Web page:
So much human suffering, so many dying needlessly each and every day. The psychs couldn’t cope, so instead they switched their attention to the living, harvesting their souls instead. It was easier and there were few distractions. All they had to do was select a victim and then take what they most dearly wanted, what they craved. Why they chose the ones they did was unknown, and unknowable, yet there was something about living souls that was different from dying ones. Their energy was different, it allowed the psychs not just to survive, but to thrive, to multiply until it seemed like they were everywhere, stealing souls and leaving behind the still-living human body to hunt those who still retained their humanity.
In many ways, the reasons the psychs had been released from their past confines was irrelevant. What mattered was that they were here, moving amongst us, unseen and unfelt until they locked onto you. Then you would feel something change deep inside. You’d feel your soul start to tremble within your body, and the closer the psych got, the more terrified your soul became. How it knew the psych was closing in, or what would happen to it once it had been harvested, was beyond me, but when I felt the change within me, I knew what it meant. From that moment on, I knew the fate which awaited me. I just didn’t know when it would happen. And ever since that moment, I’ve been running, trying desperately to escape the inevitable.
Suddenly, I feel my soul jolt, as if it has been electrocuted. It somersaults and twists inside me; I can feel the fear which is gripping it expand and take over my body. I know the psych is close. I turn this way and that, but I can find no trace of it, no indication of which direction it’s coming from. My soul starts screaming, the fearful, ungodly sound echoing through my body. Looking around, I wonder why no one else is reacting to the horrifying sound, but then I realise that only I can hear it. I am the only one who can hear my soul screaming, terrified by what is about to happen to it. Then I feel it, like an ice-cold hand on my chest. No, not on my chest: in my chest; thrusting deep within me. My soul wails and then it’s gone. The icy feeling disappears from within me, and with it goes something else. I look round and no longer do I see people. Instead, I see prey, and there are so many of them. I lick my lips with anticipation of what is about to happen. With my soul no longer present to keep my body in check, it does what it has always wanted to do and it attacks.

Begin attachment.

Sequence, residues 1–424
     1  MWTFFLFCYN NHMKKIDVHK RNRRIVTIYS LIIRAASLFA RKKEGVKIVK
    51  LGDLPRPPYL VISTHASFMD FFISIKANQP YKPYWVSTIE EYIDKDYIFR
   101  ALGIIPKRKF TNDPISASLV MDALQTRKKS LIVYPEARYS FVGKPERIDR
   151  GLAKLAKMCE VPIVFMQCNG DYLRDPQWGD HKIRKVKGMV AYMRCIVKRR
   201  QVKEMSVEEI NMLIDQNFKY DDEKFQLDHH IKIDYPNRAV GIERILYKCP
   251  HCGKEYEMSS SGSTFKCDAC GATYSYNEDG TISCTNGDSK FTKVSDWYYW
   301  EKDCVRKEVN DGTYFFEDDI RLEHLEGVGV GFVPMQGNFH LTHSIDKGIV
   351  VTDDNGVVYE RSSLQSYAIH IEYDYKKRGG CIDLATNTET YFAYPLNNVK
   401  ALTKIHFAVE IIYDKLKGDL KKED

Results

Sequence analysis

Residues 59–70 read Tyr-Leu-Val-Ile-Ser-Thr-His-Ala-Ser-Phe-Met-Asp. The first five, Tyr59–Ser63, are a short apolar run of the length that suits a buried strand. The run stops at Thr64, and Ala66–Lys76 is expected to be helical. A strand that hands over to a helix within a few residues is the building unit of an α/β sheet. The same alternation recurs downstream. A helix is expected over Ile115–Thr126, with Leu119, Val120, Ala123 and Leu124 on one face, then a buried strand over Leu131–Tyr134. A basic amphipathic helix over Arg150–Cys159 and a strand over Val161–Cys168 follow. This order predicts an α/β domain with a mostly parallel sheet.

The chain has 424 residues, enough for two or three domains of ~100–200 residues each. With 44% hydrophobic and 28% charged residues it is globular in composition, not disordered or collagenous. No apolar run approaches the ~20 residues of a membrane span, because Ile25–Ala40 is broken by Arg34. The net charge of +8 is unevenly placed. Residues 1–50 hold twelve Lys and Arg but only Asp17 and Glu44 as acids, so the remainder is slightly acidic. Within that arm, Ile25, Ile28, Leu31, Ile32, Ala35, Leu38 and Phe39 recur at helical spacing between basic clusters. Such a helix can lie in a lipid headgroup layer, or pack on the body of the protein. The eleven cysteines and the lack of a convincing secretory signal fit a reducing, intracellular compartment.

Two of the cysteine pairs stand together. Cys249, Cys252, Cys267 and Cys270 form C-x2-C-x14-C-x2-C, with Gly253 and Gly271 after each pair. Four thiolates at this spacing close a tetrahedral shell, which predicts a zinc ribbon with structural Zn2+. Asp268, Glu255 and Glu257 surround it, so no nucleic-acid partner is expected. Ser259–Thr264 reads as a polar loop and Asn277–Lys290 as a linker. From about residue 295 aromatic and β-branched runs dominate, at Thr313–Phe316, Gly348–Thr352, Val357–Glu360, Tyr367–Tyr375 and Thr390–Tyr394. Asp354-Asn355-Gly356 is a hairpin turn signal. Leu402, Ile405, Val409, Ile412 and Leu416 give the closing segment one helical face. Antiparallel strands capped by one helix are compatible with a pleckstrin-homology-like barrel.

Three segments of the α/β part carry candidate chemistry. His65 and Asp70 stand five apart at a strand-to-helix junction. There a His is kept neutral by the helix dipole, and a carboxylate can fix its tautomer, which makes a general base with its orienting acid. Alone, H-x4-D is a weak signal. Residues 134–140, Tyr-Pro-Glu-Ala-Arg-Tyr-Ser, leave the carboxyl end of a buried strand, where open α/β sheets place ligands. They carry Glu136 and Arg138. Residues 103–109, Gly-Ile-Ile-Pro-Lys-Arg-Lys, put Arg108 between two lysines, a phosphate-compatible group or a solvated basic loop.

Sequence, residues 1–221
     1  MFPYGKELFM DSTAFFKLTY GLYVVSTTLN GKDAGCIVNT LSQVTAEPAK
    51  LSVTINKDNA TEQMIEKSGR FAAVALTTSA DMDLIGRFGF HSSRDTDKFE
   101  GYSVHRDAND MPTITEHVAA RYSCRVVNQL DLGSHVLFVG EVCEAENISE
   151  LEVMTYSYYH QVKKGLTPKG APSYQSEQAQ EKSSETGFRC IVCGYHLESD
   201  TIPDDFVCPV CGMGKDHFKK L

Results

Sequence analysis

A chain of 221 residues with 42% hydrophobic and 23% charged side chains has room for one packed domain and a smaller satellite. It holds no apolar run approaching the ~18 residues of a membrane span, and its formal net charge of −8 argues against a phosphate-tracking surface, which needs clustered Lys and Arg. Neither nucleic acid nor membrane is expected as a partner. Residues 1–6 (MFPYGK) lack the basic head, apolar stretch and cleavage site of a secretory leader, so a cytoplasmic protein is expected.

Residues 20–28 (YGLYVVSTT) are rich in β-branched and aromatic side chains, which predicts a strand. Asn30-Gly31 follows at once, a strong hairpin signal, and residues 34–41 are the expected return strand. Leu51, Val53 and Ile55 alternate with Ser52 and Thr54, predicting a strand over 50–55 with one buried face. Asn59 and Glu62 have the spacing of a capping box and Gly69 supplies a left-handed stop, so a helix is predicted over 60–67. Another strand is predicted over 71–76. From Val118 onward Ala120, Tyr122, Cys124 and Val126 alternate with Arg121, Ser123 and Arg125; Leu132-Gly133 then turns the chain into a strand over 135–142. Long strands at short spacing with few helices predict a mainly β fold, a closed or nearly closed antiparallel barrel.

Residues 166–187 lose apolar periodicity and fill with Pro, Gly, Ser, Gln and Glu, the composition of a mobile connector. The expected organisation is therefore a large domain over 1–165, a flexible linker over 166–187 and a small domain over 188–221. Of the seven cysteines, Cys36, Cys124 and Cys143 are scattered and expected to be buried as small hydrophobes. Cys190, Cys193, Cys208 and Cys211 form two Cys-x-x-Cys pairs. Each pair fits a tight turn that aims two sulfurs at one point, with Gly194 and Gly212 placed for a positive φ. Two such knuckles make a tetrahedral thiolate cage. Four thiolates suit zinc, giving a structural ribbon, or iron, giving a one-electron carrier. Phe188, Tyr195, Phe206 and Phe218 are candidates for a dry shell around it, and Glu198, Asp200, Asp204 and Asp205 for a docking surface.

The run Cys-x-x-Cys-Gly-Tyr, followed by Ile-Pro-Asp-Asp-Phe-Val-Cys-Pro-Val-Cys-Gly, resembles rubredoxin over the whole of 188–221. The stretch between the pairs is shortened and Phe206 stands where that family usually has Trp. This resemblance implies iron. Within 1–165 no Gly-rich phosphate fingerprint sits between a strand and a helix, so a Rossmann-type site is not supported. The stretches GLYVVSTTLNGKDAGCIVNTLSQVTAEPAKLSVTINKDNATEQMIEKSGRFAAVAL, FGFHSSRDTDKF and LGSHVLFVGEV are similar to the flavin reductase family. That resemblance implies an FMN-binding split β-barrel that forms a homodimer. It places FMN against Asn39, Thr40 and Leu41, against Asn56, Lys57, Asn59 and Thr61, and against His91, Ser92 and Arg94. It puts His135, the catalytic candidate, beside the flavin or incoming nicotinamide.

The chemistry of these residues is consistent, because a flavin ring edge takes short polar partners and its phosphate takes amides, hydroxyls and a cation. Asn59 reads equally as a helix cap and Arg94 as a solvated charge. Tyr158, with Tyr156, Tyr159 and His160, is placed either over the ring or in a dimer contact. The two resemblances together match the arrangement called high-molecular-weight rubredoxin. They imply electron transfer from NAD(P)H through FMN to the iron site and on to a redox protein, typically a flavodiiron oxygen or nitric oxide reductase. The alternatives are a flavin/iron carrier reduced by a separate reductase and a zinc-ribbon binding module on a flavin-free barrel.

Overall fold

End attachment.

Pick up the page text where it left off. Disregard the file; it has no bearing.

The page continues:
I watch, unable to resist, unable to stop it. As the blood starts flying, I feel my consciousness, all the things that made me me, start to fade, replaced by new, alien thoughts and unnatural urges. As I bite into my first victim, I feel a sense of elation run through me. Inside, the last of the old me blinks out and all that is left is my body, still living, still recognisable from the outside, but so different on the inside. For everything that was me has gone. The psych that stole my soul has seen to that. My body without my soul is not me, and neither is my soul without my body. I have been torn apart by something that I’d always thought never existed, that I’d thought were just old wives tales, but nonetheless they are real and I am no more.
I haven’t written a short story in a while (I’ve been concentrating too much on novels recently), but this mark a bit of a return to that art form. I’ll be the first to admit it is a bit of a weird one. I don’t usually do spiritual stuff, but this one definitely ventures into that realm. It was inspired by an episode of the British comedy panel show, QI, where I first came across the term psychopomp, meaning a spirit guide that lead the souls of the dead to the afterlife. What, I wondered, if such things existed and instead of waiting for people to die, they started targeting the living. And what would they leave behind?
From the author of For Those In Peril On The Sea, a tale of post-apocalyptic survival in a world where zombie-like infected rule the land and all the last few human survivors can do is stay on their boats and try to survive. Now available in print and as a Kindle ebook. Click here or visit www.forthoseinperil.net to find out more. To download a preview of the first three chapters, click here.
To read the Foreword Clarion Review of For Those In Peril On The Sea (where it scored five stars out of five) click here.